Equine Talk Translated
Every hobby has its own terminology and shorthand, but equine sports seem to have more than their fair share. Many rookies describe their foray into the world of horses as trying to learn a foreign language.
In this article, we’ll break down some of the most common labels for horse riders—aside from “just plain crazy!”
What is an Equestrian?
This is the most common and general term for horse riders (and those who spend a lot of time around horses, mounted or not). It’s a gender-neutral term that applies to any discipline (i.e. activity), so it’s a great option when you aren’t sure what to say.
What is a Cowboy or Cowgirl?
If you want to use a gender-specific rider term, consider cowboy (male) or cowgirl (female). Note: These words are typically reserved for riders in Western disciplines.
What is a Jockey?
A jockey refers to a racehorse rider. Jockeys are small in stature, which makes it easier for the horses to carry their weight at high speeds. This is a gender-neutral term.
What is a Vaquero or Vaquera?
Though rarer in the United States, the terms Vaquero (male) or Vaquera (female) are sometimes used to describe horse riders who tend cattle. These words have Spanish roots and are often referenced when talking about foundational cowboys and horseman in 16th century America.
What is a Buckaroo?
This is technically a gender-neutral term, though it’s typically used to describe male horse riders in Western disciplines and rodeos. Sometimes a buckaroo is also a term of endearment for young riders.
What is a Bronc Rider?
This refers to a person who competes at rodeos by riding bucking horses—with a saddle.
What is a Bareback Rider?
This refers to a person who competes at rodeos by riding bucking horses—without a saddle.
What is a Pickup Rider?
A pickup rider assists at rodeos by helping bronc and bareback riders dismount safely once their rides are over. They work in teams to ride up alongside the bucking horse to a) release the bucking strap and b) give the rider someone to hold onto as they slide off the horse to the ground.
Though the vast majority of pickup riders are men, we’re excited to see some tough ladies entering the arena these days too.
What is a Vaulter?
A vaulter is essentially a gymnast on horseback. They compete individually or as part of teams and can be any gender.
What is a Catch Rider?
This refers to someone who rides horses in competition that they do not own or train. Typically, these riders have little familiarity with the horses and may be asked to compete with very little advance notice. For equestrians who want to gain a lot of experience on different horses, and make some extra cash, this can be a great way to do it.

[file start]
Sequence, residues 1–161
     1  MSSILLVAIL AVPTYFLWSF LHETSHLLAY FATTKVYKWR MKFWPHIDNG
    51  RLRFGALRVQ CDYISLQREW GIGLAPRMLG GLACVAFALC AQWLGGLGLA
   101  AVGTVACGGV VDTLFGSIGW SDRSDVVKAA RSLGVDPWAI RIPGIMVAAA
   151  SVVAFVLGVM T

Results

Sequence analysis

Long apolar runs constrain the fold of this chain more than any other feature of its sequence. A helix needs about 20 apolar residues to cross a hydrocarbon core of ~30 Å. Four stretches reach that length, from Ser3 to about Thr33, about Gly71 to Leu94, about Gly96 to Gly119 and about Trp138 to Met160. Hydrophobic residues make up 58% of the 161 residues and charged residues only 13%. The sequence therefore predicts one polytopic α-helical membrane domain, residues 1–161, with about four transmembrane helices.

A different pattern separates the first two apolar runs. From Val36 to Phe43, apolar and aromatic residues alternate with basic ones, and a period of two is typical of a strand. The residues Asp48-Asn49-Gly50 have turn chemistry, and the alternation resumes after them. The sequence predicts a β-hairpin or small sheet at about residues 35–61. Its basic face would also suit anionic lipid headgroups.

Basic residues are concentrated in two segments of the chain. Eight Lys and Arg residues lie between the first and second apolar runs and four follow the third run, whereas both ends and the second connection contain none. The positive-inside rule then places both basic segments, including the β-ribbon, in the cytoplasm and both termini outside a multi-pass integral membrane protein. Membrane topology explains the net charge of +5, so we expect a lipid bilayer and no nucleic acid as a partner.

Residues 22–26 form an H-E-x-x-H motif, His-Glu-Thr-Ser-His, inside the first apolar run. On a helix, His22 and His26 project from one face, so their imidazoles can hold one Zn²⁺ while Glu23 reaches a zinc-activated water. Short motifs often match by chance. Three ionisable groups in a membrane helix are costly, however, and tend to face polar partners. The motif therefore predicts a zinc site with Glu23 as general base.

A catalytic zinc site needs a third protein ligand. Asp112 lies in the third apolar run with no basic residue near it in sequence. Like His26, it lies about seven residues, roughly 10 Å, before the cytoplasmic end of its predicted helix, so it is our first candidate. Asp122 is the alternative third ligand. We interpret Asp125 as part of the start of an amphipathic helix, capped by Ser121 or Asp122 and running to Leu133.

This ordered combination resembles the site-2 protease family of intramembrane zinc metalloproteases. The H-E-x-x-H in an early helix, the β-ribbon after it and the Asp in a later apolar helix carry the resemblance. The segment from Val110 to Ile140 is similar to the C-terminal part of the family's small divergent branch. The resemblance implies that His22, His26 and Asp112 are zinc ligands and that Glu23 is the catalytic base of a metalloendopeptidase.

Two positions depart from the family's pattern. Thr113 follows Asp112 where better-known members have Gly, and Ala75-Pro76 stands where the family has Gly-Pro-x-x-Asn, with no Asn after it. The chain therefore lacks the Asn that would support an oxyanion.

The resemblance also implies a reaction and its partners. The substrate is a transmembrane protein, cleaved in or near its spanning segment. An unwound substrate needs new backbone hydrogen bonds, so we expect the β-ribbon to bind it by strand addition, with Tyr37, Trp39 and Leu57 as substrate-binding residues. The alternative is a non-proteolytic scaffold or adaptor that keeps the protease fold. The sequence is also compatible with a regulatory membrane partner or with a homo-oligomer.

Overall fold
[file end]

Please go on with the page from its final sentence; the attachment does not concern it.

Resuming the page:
What is a Calf Roper?
A calf roper is someone who competes in the sport of calf roping. It’s a fast-paced discipline in which a calf is released and the horse and rider run after it and rope it. The horse should stop and ‘hold’ the cow while the rider jumps off, runs to the calf, and ties three of its legs. The goal is to complete these steps fastest.
What is a Team Roper?
As the name implies, this sport involves a pair of riders chasing a cow. One rider ropes the head (horns) and helps turn the cow so the other rider can rope the back legs. The goal is to do so fastest.
What is a Jumper or Show Jumper?
A English style rider who jumps over fences in an arena (versus cross country) is called a jumper or show jumper. This is a gender-neutral term.
What is an Eventer?
An eventer competes in Three Day Eventing, a sport comprised of Dressage, Show Jumping, and Cross Country.
What is a Reiner?
This gender-neutral term refers to riders who participate in the sport of reining. It’s a western discipline where the horse performs a predetermined pattern featuring slow and fast circles, spins, and sliding stops.
What is a Rancher?
A rancher is a term that may describe a horse rider, or it may not. Some people who have or work ranches use horses for daily tasks. Others prefer machinery like four wheelers.
What is a Barrel Racer?
Barrel racing is a Western speed event where horse and rider gallop around three barrels that are set up in a triangle. The rider with the fastest time (and no penalties) wins.
What do you call a horse owner?
Typically… poor?! Kidding aside, there is no special term for someone who owns a horse. Equestrian is a suitable label for horse owners and those who ride horses they do not own.
What do you call a female horse rider?
The most common terms are equestrian and cowgirl, which are not discipline specific.
What are nicknames for horse riders?
Other than crazy, broke, and tired? Horse riders can be known by many different nicknames.
- Horseback rider
- Cowboy / Cowgirl
- Barrel racer
A lot of times, people will simply refer to horse riders as horse girls or barn chicks. If someone is teasing an equestrian, you’ll hear names like Dust Eater (if they fall a lot), Pooper-Scooper, or hay gal.
A few select horse riders are sometimes referred to as horse whisperers, for their ability to understand horses.
A person who loves horses is called what?
The most technical term for a person who loves horses is a hippophile (from ‘hippo,’ meaning horse, and ‘phile,’ meaning one that loves). A lot of people also use the term equestrian when referring to someone who loves horses.
You also may hear terms like horse-enthusiast, horse-crazy, or horse-fanatic. In the horse world, there’s a saying: you got bitten by the horse bug. Usually, this refers to a 12- or 13-year-old girl who sticks with horses beyond an initial childhood fascination.
P.S. Enjoy this article? Trot on over to:
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- Heavyweight Champs: 5 Best Horses for Larger Riders